Wagner's Die Walküre. This powerful and majestic music stylizes the approach of the helicopters and transforms them into creatures of the gods, bearing a thunderous message. The editing of the approach emphasizes this stylization and moves the attack from realism toward mythology. Only by crosscutting the scene with shots of the Vietcong outpost and its children and civilians did Coppola bring the sequence back to reality (Figure 24.2).

Once the attack begins in earnest, the music and effects give way to the colonel's dialogue. His dialogue, which is brave, foolhardy, and commanding, is another anchor that holds the sequence to realism. When the helicopters and Marines are on the ground, the agony of death and war take over. Although the colonel does not seem vulnerable to this aspect of the war experience, his men are, and their screams of agony are presented in a very realistic, almost cinema verite, style. This contrasts with the presentation of the colonel and the attack he staged on the outpost. The deliberateness of the colonel—the cavalry charge, the opera music, the comments about napalm and victory—is presented in a stylized, nonrealistic manner. The result is an uneasy mix of the stylization and abstraction of death and the intense chaos and realism of death. With their use of sound, Coppola and Murch suggested that these two realities coexist (Figure 24.3).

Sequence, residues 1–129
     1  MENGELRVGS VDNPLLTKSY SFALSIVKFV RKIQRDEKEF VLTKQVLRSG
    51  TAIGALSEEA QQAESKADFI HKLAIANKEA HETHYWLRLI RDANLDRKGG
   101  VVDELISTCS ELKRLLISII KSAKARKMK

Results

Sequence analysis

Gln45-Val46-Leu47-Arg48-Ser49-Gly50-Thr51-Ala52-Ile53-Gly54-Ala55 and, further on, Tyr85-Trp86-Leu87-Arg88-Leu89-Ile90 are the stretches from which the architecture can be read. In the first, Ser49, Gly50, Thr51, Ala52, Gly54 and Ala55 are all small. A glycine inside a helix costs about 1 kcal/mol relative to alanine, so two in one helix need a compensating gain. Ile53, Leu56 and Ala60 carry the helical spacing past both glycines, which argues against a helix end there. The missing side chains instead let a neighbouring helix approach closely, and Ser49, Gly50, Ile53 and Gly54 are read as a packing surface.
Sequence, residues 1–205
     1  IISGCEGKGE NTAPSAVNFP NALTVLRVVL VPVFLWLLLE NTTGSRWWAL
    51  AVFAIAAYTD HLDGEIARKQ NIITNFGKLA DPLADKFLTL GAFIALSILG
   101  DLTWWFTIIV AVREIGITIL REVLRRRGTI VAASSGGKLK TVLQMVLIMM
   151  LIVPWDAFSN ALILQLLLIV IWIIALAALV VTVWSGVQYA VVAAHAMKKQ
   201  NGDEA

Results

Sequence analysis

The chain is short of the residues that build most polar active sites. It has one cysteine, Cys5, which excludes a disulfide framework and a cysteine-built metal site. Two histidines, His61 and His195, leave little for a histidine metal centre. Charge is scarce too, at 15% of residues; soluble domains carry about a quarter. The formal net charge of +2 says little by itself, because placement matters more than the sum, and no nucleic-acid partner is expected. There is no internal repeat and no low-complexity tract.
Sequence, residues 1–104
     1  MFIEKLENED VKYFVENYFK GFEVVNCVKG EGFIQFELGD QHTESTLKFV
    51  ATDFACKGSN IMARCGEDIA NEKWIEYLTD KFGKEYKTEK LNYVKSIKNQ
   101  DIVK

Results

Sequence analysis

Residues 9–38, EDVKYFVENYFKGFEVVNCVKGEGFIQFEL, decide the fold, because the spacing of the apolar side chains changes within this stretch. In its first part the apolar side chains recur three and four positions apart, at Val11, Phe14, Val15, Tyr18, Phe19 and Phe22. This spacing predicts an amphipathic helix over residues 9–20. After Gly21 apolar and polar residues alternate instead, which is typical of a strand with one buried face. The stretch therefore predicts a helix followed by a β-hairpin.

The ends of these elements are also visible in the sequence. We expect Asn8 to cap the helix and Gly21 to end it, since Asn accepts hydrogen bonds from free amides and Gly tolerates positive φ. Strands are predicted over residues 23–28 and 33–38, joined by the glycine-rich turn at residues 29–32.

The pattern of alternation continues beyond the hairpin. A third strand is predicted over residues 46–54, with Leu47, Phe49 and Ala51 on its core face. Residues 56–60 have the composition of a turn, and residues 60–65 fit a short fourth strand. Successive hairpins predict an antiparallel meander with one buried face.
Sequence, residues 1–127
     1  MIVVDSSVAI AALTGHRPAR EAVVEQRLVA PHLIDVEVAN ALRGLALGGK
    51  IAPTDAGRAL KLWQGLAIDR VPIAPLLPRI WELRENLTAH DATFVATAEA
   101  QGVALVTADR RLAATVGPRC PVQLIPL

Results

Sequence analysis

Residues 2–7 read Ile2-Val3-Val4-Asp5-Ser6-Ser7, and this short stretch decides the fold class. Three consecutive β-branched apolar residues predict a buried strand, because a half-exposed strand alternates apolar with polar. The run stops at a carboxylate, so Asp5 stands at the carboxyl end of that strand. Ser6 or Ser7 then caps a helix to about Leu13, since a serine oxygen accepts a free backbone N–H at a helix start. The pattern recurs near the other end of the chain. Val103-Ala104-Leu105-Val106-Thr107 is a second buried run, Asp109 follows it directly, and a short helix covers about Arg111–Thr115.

Figure 24.2 Apocalypse Now, 1979. Courtesy Zoetrope Corporation. Still provided by British Film Institute.
Figure 24.3 Apocalypse Now, 1979. Courtesy Zoetrope Corporation. Still provided by Moving Image and Sound Archives.

In Apocalypse Now, examples abound of sound creating or suggesting a new interpretation of the visuals or introducing a new idea to supersede what the visuals suggest. Coppola and Murch were relentless in their pursuit of creative possibilities for the use of sound. In their films a decade later, David Lynch and Martin Scorsese followed in Coppola's path, exploring the notion that sound can be used to introduce new ideas and new interpretations.